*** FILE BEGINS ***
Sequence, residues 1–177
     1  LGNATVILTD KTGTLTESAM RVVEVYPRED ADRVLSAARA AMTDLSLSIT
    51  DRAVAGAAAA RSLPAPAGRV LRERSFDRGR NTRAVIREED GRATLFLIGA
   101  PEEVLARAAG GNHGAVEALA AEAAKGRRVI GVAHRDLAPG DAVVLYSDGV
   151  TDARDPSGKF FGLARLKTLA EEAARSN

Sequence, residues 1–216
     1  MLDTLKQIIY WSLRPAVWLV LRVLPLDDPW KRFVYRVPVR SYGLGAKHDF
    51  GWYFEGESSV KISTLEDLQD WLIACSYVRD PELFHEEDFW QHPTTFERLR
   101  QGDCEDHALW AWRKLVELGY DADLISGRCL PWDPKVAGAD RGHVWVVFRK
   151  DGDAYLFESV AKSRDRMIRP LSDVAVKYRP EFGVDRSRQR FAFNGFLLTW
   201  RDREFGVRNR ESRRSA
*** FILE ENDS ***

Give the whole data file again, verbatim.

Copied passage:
Sequence, residues 1–177
     1  LGNATVILTD KTGTLTESAM RVVEVYPRED ADRVLSAARA AMTDLSLSIT
    51  DRAVAGAAAA RSLPAPAGRV LRERSFDRGR NTRAVIREED GRATLFLIGA
   101  PEEVLARAAG GNHGAVEALA AEAAKGRRVI GVAHRDLAPG DAVVLYSDGV
   151  TDARDPSGKF FGLARLKTLA EEAARSN

Sequence, residues 1–216
     1  MLDTLKQIIY WSLRPAVWLV LRVLPLDDPW KRFVYRVPVR SYGLGAKHDF
    51  GWYFEGESSV KISTLEDLQD WLIACSYVRD PELFHEEDFW QHPTTFERLR
   101  QGDCEDHALW AWRKLVELGY DADLISGRCL PWDPKVAGAD RGHVWVVFRK
   151  DGDAYLFESV AKSRDRMIRP LSDVAVKYRP EFGVDRSRQR FAFNGFLLTW
   201  RDREFGVRNR ESRRSA